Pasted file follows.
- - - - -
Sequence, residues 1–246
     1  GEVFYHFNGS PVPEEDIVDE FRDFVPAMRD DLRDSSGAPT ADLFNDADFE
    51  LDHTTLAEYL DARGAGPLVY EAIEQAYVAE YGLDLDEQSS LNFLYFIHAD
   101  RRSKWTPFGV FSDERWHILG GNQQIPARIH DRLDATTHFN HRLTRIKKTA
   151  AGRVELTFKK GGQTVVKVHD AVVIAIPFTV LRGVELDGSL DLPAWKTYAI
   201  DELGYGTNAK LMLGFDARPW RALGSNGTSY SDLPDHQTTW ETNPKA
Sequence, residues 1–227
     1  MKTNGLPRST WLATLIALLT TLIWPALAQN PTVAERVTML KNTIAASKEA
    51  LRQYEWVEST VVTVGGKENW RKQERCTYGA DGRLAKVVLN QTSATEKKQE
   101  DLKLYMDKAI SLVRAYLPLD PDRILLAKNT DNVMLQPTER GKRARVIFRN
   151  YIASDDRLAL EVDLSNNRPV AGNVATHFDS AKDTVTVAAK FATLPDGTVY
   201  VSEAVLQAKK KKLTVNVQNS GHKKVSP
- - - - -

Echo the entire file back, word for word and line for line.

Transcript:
Sequence, residues 1–246
     1  GEVFYHFNGS PVPEEDIVDE FRDFVPAMRD DLRDSSGAPT ADLFNDADFE
    51  LDHTTLAEYL DARGAGPLVY EAIEQAYVAE YGLDLDEQSS LNFLYFIHAD
   101  RRSKWTPFGV FSDERWHILG GNQQIPARIH DRLDATTHFN HRLTRIKKTA
   151  AGRVELTFKK GGQTVVKVHD AVVIAIPFTV LRGVELDGSL DLPAWKTYAI
   201  DELGYGTNAK LMLGFDARPW RALGSNGTSY SDLPDHQTTW ETNPKA
Sequence, residues 1–227
     1  MKTNGLPRST WLATLIALLT TLIWPALAQN PTVAERVTML KNTIAASKEA
    51  LRQYEWVEST VVTVGGKENW RKQERCTYGA DGRLAKVVLN QTSATEKKQE
   101  DLKLYMDKAI SLVRAYLPLD PDRILLAKNT DNVMLQPTER GKRARVIFRN
   151  YIASDDRLAL EVDLSNNRPV AGNVATHFDS AKDTVTVAAK FATLPDGTVY
   201  VSEAVLQAKK KKLTVNVQNS GHKKVSP